Linking grain-scale and fault-scale earthquake simulations

Ryan Payne, Benchun Duan, & David Sparks

Submitted August 15, 2016, SCEC Contribution #6932, 2016 SCEC Annual Meeting Poster #049

Geologically active faults are complex structures, marked by an interaction of many different physical processes at varying time and length scales. Much progress has been made utilizing advanced computer models as an effective way of studying the different components of these systems, however, little has been done to link various models together into a more complete and realistic simulation of the natural world. This study utilizes a dynamic rupture model along with granular dynamics simulations to examine interactions between the two scales, particularly those leading to slip and weakening.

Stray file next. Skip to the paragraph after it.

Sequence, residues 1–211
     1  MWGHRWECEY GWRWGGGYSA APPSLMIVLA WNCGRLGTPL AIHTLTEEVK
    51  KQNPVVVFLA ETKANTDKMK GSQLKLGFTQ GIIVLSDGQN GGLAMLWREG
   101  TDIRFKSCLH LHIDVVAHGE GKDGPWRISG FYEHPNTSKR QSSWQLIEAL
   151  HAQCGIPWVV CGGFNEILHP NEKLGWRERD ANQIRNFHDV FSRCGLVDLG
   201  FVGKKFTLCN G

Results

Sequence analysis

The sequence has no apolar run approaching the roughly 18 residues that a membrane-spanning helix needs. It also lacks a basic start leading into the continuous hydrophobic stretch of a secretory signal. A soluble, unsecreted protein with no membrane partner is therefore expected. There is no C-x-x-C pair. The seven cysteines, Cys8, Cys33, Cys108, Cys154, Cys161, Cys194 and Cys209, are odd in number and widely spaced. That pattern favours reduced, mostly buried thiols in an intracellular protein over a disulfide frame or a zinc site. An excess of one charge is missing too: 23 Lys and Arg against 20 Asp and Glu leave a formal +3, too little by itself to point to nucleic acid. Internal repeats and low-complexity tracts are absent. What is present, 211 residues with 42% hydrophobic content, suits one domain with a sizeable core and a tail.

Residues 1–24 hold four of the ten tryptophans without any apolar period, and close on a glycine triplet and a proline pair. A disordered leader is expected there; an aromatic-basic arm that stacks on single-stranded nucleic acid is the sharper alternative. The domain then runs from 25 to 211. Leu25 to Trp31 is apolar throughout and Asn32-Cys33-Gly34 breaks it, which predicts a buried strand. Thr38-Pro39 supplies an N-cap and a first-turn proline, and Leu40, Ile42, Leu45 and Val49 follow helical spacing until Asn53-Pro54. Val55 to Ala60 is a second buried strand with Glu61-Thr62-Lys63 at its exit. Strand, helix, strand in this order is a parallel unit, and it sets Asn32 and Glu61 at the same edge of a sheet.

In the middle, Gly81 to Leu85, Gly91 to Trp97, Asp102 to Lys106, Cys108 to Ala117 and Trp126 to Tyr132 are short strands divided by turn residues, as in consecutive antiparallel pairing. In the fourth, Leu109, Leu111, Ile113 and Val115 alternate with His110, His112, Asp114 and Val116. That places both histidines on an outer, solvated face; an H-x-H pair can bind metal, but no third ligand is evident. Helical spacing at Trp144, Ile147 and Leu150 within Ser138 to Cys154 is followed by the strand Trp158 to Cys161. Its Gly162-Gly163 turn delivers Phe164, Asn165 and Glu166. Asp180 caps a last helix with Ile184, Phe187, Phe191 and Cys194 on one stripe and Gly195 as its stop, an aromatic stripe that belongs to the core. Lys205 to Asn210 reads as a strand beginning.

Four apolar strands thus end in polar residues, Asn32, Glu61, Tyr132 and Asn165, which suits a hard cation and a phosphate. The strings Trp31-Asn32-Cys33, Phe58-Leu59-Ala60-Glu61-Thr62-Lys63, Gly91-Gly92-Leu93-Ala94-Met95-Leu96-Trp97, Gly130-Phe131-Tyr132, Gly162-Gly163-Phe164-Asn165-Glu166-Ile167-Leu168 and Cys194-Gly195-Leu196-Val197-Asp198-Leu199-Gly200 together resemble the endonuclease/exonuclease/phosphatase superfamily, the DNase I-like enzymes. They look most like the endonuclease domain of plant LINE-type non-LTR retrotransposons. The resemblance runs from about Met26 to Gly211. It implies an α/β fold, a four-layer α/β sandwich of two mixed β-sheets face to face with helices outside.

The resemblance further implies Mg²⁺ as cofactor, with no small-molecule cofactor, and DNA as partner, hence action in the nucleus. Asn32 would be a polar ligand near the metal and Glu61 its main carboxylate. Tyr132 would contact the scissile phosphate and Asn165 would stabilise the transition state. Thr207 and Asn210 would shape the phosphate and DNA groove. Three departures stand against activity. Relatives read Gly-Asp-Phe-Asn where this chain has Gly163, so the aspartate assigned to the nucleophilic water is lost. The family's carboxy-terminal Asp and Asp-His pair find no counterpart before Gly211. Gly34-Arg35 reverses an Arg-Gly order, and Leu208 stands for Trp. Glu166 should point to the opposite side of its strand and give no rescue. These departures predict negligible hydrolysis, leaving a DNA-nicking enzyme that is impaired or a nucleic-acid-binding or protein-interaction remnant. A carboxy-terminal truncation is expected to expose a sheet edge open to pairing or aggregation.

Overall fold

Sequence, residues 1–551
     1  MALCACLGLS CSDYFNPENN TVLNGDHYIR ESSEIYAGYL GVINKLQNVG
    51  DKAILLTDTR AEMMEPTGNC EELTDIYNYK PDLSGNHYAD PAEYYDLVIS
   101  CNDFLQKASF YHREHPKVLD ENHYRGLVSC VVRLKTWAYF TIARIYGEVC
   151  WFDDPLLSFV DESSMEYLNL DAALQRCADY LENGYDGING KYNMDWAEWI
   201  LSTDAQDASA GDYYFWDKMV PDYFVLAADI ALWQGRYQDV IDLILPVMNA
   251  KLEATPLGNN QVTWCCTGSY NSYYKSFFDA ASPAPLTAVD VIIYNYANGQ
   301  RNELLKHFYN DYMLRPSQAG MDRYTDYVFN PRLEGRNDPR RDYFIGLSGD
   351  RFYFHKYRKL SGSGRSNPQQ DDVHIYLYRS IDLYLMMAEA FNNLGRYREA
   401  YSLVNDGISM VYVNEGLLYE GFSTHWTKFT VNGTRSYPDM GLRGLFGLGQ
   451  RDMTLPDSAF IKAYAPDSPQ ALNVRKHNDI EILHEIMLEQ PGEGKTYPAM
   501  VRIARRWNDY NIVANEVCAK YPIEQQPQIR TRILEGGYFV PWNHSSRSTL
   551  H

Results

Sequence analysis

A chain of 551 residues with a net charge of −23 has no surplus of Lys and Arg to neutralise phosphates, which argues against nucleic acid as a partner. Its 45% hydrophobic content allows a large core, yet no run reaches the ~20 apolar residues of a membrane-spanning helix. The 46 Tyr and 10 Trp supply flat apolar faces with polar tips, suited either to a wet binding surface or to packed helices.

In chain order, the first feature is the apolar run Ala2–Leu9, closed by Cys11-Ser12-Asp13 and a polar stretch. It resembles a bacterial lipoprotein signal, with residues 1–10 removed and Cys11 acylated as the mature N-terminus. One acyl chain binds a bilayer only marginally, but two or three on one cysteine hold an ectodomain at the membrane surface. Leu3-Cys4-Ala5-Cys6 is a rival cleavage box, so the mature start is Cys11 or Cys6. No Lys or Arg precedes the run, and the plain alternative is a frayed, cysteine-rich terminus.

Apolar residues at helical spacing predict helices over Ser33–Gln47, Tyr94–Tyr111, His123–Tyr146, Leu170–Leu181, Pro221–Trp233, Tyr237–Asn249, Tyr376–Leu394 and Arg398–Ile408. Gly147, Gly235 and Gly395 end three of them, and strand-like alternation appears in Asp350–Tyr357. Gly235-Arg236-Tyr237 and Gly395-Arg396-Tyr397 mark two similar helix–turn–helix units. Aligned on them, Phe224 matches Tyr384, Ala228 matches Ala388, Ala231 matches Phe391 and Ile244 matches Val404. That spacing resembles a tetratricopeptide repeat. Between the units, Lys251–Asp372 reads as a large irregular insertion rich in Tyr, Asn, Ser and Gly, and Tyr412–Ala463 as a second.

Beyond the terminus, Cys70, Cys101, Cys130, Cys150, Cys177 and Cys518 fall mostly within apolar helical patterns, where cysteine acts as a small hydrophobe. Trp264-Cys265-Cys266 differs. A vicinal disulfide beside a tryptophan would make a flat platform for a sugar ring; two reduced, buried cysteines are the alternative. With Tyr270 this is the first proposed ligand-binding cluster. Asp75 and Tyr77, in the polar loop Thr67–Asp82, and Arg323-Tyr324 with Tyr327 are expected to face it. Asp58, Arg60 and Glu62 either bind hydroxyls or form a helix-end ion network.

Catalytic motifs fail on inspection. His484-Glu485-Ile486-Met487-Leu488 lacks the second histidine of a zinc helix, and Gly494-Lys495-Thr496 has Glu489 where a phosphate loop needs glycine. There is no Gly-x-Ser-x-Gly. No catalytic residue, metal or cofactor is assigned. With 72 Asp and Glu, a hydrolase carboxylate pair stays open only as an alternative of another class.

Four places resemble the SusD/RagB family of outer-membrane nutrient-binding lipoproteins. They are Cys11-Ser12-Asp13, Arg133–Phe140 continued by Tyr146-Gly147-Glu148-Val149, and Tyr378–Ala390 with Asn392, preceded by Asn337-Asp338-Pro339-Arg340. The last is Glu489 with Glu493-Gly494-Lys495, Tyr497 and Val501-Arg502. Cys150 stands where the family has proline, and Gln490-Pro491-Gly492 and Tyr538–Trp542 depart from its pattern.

Experiments modeling rupture along an entire fault were performed for a variety of earthquake sizes and rupture speeds. Each simulation produced normal stress perturbations on the fault – in this case induced by rupture along a bimaterial interface (a Weertman pulse) – which were then input into a granular system. The granular system models the fault gouge found in the fault core and was held under the same normal and shear stress conditions as the ruptured fault. Normal stress perturbations on the granular material were aimed at inducing slip in the grains, and capturing the weakening mechanisms at play, such as pore pressurization and acoustic fluidization.

The exact mechanisms leading to slip, or the changes that cause slip, are still poorly understood. Developing an understanding of this process relies on accurately modeling the fault-scale input and the granular reaction. By linking together the granular behavior with the larger scale fault dynamics we have the opportunity to examine relationships that previously have not been studied. Linking together two vastly different scales may be the key to understanding the physics controlling earthquake behavior.

Citation
Payne, R., Duan, B., & Sparks, D. (2016, 08). Linking grain-scale and fault-scale earthquake simulations. Poster Presentation at 2016 SCEC Annual Meeting.


Related Projects & Working Groups
Fault and Rupture Mechanics (FARM)